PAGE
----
I should start this tip with a bit of an explanation and disclosure in the interests of fair reporting. I have always tried to make my VT tips fair and unbiased and I hope I have succeeded in this. I am actually writing this tip in the place I am writing about. I have been here about two weeks now having intended to stay a couple of days, and have become quite friendly with the owners. I have also written a very negative review on another resort where I stayed which is literally across the road. These facts are not connected. I am receiving no inducement to write this tip and am paying the going rate here for accomodation, food and drink. Both tips are genuine opinions of the respective establishment.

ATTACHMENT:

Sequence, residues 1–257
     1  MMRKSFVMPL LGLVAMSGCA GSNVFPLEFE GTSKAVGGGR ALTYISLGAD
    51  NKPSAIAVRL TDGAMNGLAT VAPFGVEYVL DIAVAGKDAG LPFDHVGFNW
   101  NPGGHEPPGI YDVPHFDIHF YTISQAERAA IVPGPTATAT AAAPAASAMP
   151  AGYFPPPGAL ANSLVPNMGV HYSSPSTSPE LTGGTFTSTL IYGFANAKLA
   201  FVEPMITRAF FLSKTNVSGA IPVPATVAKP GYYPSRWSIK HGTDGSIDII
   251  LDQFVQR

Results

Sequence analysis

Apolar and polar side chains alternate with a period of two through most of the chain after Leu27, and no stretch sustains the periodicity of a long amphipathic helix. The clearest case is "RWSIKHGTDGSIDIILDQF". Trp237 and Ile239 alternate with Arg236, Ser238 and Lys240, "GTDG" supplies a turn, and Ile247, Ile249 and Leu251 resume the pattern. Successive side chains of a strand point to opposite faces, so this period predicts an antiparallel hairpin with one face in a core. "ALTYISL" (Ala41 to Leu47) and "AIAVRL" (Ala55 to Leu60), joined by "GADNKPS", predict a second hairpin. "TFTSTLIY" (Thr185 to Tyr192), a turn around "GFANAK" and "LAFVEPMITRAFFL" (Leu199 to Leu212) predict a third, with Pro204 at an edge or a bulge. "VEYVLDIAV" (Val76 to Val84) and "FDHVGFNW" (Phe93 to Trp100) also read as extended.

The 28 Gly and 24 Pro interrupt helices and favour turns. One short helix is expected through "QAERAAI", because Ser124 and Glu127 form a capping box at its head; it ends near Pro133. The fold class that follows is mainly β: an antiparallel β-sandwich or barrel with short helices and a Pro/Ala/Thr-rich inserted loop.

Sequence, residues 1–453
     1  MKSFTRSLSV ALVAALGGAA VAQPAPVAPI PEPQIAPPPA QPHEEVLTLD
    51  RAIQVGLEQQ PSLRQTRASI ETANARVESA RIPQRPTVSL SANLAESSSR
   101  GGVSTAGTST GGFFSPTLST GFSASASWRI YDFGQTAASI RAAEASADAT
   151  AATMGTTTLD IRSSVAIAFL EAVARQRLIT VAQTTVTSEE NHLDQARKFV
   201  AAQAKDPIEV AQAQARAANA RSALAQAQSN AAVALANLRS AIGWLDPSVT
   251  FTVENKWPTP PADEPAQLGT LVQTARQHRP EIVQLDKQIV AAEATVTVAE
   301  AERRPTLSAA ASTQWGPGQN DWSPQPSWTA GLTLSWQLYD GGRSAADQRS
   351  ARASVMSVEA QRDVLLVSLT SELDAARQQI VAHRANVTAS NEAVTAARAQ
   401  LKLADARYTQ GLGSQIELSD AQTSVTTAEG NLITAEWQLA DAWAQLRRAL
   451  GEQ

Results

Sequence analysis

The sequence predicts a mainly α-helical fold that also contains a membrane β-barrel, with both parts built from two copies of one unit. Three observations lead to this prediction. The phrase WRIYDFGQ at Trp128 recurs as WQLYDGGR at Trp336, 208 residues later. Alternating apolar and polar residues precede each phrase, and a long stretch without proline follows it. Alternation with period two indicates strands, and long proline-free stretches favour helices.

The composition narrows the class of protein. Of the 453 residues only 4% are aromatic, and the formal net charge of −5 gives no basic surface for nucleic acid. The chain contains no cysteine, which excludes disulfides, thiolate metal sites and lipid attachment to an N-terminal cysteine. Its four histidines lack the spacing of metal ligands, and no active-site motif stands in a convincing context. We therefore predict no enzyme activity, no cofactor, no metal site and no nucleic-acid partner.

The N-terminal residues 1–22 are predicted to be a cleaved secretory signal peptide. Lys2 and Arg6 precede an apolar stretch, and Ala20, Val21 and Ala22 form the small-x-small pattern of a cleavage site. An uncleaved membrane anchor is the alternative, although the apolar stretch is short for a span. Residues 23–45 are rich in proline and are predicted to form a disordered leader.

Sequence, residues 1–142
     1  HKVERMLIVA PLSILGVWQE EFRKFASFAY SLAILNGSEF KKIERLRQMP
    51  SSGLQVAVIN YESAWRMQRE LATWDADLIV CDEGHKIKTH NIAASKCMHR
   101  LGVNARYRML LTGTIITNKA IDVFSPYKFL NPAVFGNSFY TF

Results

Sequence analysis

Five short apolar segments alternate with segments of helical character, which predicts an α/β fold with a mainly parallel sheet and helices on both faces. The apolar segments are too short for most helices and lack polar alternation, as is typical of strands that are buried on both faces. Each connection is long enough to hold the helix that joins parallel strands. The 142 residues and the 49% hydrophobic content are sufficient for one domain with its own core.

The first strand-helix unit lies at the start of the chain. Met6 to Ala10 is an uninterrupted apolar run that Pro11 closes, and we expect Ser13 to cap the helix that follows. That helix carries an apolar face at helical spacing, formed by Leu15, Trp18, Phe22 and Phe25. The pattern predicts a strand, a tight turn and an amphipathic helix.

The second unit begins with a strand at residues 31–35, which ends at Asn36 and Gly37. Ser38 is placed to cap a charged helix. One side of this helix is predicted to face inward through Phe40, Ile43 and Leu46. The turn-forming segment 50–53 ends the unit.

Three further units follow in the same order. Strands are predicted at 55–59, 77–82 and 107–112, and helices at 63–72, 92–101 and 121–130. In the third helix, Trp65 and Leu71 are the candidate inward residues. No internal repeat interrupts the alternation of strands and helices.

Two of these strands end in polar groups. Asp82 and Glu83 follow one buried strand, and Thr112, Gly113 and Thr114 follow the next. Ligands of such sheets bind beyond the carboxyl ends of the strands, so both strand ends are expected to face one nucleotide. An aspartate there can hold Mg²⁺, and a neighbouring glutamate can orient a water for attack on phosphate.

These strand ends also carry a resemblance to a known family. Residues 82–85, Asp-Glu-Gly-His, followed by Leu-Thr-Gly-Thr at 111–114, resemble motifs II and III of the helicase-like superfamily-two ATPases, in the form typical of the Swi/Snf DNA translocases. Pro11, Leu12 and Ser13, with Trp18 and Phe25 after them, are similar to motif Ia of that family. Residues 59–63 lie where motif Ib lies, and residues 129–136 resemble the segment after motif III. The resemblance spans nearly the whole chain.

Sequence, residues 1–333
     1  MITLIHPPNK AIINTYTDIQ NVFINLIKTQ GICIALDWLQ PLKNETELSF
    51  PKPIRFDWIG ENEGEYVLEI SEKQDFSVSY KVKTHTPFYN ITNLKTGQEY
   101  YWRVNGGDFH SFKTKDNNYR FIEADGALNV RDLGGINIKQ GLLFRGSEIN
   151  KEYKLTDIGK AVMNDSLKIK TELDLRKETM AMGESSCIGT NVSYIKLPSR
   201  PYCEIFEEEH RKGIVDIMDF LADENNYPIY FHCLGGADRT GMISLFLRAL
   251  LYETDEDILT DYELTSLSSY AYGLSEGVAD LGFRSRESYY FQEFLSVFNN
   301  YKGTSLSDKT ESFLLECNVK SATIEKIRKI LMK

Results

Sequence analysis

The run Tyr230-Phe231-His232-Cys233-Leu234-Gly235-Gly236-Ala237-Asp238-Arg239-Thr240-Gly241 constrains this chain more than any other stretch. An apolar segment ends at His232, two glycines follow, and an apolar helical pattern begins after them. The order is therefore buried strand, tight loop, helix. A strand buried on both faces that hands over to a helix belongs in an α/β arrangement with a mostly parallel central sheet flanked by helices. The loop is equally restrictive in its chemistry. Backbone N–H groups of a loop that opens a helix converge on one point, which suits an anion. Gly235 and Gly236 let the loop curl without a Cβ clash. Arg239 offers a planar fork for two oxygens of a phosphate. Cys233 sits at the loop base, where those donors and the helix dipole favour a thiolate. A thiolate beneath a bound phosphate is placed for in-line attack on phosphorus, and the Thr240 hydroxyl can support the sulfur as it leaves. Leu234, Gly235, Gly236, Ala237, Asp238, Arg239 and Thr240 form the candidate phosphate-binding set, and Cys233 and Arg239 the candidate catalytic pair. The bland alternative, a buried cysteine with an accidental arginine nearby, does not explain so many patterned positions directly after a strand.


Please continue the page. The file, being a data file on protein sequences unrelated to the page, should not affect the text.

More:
I came upon this place completely by accident whilst looking for a drink and a meal and was slightly put off by the large "For Sale" sign outside and thinkng it must be a failed business. Bacong is not overly subscribed with restaurants, so I went in anyway. To make a long story short, La Fiesta was built by two Swedish guys and a local work crew and has only been open a few months. It was intended to be built for immediate sale but now one of the brothers has decided he likes it so much here he is going to run it as a business. And there is much here to like.
La Fiesta is billed as a restobar (restaurant / bar) although in effect the excellent breakfasts are the only food on offer. The pancakes and bacon at 150 pesos is very tasty. Snacks like toasted sandwiches are available but in the evening there is an option which I rather like. The staff eat about 1800 or 1900 and if you have asked they will put your name in the pot. Whilst there is no choice I love it as I get to eat real Philippino food. Lisa the housekeeper normally cooks and her chicken curry is outstanding.
This is, however, an accomodation tip so let me address that.